By Ajahn Brahmavamso
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Extra resources for The Jhanas
One-pointedness (Ekaggatha). The third factor of jhana is onepointedness, Ekaggatha. One-pointedness describes the mindfulness that is so sharply focused on a minute area of existence. It is onepointed in space because it only sees the point source of bliss, together with a small area surrounding the bliss caused by the first jhana wobble. It is one-pointed in time because it only perceives the present moment, so exclusively and precisely that all notion of time completely disappears. And it is one-pointed in phenomena because it only knows the mental object of pitisukha, and is totally oblivious to the world of the five senses and one’s physical body.
At a stretch, one may say that the bliss of the third jhana, the sukha, has a greater sense of ease, quieter and more serene. In the suttas, it is accompanied by the features of mindfulness (sati), clear knowing (sampojanna) and equanimity (upekkha), although these qualities are said in the Anupada Sutta (MN 111) to be present in all jhanas. Perhaps these features are emphasized in the sutta as qualities of the thirds jhana in order to point out that in these very deep jhanas, one is exceptionally mindful, very clear in the knwing, and so still that one looks on without moving, which is the root meaning of equanimity (upekkha).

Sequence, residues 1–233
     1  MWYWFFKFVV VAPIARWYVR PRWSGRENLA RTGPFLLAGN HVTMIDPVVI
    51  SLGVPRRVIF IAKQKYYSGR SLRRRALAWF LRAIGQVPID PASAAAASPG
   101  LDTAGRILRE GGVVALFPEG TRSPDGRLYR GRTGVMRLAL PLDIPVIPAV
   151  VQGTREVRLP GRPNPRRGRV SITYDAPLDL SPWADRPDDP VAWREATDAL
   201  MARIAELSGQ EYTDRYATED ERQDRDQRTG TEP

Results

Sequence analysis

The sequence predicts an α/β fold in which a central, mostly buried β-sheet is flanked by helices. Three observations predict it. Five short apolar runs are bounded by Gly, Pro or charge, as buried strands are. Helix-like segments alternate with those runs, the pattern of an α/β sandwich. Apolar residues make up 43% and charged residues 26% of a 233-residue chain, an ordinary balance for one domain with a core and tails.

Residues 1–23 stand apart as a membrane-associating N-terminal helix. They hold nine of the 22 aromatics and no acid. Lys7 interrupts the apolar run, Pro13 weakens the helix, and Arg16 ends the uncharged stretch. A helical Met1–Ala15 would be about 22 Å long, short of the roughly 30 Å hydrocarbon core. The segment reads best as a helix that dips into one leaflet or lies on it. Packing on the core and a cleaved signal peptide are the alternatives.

What one is left with is an absolute still knower seeing absolute stillness. The perfection of Peace. From the perspective of the fourth jhana, the bliss of the previous jhanas is seen as a residual movement of the mental object, and an affliction obscuring something much greater. When the bliss subsides, all that is left is the profound peace that is the hallmark of the fourth jhana. Nothing moves in here, nothing glows. Nothing feels happiness or its opposite, discomfort. One feels perfect balance in the very center of the mind.